Stephanie Hood recently finished an MSc in Science and Technology Studies at UCL. Part of her 2013 Masters dissertation “Science, Objectivity and Photography in the Nineteenth Century: Photographs from the voyage of HMS Challenger 1872-1876” used collections from the National Maritime Museum. Here’s what she discovered during her research:
Preparing to set off on a scientific expedition around the world, the officers and crew of H.M.S. Challenger 1872-1876 gathered on board the ship for a photographic portrait (fig. 1). It was one of the first photographs of the crew on a scientific voyage of exploration ever taken. Completing an MSc in History of Science, Medicine and Technology at the London Centre for the History of Science, Medicine and Technology (UCL/Imperial College London) enabled me to spend time researching the significant yet largely unstudied collection at the NMM of over 800 such photographs acquired on the expedition.
From these few photographs it is possible to read further into the history of the Challenger and the significance of photography for nineteenth-century science. Photography has been claimed to have achieved success on account of its perceived objectivity compared to other means of visual depiction such as drawing and painting. In fact much photography on the Challenger expedition was limited in its ability to function as objective evidence. Photographic practice was varied and often produced poor quality images (fig. 2). Many of the photographs continued aesthetic traditions that gave them an epistemic authority as art (figs. 2 and 3), particularly through their portrayal of the exotic such as icebergs (fig. 4).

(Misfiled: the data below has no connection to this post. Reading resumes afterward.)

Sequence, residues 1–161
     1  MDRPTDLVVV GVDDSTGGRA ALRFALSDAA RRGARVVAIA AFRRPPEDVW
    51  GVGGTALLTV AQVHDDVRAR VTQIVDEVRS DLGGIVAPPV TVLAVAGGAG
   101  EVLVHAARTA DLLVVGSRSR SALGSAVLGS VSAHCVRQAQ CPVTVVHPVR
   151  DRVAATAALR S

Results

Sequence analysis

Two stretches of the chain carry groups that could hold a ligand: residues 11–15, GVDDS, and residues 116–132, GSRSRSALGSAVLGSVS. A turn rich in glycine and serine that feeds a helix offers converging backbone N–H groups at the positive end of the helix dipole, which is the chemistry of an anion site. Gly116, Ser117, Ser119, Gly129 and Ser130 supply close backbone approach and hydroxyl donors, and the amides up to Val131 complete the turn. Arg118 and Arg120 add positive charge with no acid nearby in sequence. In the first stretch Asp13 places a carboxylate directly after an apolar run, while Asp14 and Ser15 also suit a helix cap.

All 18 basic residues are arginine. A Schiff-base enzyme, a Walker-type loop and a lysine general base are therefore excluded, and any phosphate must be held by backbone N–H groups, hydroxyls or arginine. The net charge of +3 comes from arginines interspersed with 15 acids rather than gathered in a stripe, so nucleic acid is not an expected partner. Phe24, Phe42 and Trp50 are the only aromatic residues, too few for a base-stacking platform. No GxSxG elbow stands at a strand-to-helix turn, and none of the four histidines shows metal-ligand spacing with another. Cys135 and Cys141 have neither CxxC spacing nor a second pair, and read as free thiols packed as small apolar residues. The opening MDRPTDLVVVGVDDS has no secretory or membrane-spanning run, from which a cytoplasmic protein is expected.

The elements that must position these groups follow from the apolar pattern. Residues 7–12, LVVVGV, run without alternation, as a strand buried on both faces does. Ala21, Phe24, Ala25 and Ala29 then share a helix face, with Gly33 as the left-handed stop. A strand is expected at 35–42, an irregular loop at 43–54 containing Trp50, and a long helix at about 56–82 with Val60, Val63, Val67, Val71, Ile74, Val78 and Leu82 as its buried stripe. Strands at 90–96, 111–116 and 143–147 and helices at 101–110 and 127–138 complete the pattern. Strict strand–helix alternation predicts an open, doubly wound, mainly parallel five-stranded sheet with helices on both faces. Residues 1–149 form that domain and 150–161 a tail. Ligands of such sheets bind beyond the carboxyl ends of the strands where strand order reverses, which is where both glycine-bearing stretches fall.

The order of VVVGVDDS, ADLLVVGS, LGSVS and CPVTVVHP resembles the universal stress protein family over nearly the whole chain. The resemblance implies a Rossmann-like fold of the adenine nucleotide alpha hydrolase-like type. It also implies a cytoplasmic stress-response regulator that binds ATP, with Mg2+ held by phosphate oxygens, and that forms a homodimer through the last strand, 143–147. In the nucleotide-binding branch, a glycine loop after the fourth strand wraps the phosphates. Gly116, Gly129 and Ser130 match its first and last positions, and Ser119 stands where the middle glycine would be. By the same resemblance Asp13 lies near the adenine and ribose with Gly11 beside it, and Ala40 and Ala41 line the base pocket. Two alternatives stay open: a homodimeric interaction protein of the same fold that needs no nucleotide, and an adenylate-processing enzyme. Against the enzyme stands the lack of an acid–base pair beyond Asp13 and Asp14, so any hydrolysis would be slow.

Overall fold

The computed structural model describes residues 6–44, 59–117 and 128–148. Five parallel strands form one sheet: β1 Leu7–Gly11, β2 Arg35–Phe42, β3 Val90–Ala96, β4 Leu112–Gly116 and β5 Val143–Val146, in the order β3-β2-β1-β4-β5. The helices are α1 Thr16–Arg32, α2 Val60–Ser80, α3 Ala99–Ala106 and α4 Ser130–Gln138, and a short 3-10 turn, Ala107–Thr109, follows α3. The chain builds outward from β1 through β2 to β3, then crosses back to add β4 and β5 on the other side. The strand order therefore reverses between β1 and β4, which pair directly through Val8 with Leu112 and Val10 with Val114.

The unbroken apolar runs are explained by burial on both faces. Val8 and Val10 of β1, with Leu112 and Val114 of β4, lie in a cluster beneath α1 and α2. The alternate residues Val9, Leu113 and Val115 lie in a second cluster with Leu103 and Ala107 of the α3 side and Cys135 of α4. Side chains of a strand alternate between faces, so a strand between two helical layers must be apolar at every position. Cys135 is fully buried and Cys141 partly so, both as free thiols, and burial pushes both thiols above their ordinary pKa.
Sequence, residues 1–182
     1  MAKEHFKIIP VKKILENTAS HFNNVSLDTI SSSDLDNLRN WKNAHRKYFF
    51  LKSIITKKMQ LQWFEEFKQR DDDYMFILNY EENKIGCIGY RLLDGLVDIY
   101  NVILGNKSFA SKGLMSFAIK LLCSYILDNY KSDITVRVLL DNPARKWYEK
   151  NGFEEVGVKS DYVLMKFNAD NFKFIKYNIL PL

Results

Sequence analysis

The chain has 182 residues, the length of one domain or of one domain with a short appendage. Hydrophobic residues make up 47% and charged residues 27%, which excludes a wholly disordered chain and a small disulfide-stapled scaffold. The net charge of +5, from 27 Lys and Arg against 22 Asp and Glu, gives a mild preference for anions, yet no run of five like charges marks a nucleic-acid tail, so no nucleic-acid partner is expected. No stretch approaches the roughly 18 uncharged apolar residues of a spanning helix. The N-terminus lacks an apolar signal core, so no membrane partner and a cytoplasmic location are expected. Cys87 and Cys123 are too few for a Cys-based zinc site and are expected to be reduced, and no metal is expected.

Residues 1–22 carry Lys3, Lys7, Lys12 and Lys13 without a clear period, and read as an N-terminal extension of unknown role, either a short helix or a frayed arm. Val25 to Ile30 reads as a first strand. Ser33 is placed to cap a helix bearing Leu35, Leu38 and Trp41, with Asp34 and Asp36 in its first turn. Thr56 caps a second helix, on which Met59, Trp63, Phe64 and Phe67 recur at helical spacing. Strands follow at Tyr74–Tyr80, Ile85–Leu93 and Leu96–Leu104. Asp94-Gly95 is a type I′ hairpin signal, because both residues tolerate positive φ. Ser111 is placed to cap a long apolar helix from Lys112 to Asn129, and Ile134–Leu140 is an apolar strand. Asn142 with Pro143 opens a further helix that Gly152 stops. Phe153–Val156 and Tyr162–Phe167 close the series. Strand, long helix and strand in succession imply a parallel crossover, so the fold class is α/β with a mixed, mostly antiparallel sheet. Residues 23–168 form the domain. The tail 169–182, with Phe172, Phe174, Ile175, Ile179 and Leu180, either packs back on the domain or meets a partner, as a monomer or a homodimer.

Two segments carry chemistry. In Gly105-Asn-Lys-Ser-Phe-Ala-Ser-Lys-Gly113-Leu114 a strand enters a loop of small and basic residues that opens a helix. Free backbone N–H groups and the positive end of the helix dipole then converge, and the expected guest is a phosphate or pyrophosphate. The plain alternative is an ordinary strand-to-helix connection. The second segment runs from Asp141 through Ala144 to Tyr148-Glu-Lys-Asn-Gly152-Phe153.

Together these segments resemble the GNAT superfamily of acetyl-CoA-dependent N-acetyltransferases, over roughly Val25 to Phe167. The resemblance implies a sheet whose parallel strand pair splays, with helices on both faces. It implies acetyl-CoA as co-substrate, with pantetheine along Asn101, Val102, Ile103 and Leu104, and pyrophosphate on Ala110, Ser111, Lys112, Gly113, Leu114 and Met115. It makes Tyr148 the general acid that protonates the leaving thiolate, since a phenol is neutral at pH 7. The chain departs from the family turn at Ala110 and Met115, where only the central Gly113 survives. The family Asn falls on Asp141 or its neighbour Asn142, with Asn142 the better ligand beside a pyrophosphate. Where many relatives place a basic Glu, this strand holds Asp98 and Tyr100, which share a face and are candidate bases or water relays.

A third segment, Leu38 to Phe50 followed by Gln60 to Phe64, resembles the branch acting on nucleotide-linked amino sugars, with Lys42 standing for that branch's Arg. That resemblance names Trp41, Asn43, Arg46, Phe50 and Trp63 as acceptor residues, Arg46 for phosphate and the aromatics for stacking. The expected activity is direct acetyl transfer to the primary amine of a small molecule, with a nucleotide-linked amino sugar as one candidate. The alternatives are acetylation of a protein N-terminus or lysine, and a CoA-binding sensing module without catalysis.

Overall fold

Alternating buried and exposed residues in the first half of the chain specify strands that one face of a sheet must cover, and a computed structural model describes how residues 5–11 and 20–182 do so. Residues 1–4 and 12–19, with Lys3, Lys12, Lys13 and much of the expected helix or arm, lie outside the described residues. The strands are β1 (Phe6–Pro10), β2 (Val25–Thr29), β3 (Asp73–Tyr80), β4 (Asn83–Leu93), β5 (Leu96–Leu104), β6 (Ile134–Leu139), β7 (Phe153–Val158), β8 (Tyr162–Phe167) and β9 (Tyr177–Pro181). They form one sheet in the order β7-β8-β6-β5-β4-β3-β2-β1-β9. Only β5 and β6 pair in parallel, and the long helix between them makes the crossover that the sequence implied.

Nevertheless photography was a successful practice on the Challenger expedition in conjunction with drawing and painting. Although drawing was maintained for the scale depiction flora and fauna - with the use of a camera lucida - and to depict colour, photography was implemented for scientific evidence on account of its functional benefits of speed, replicability, and as a ‘printing-press-in-the-field.’ These were advantages that other visual strategies could not offer. Photographs of scenery were used in the official Report of Scientific Results (fig. 5). Further still photographs of drawings of Euplectella subarea made by the official artist J.J. Wild were printed in Nature (fig. 6), demonstrating the use of photography as a printing press for replicating and disseminating other types of images. Others were used for inspiration for drawings such as in naturalist Henry Nottidge Moseley’s On the Inhabitants of the Admiralty Islands (fig. 7), demonstrating the benefit that photography’s speed had for visual depiction for later use.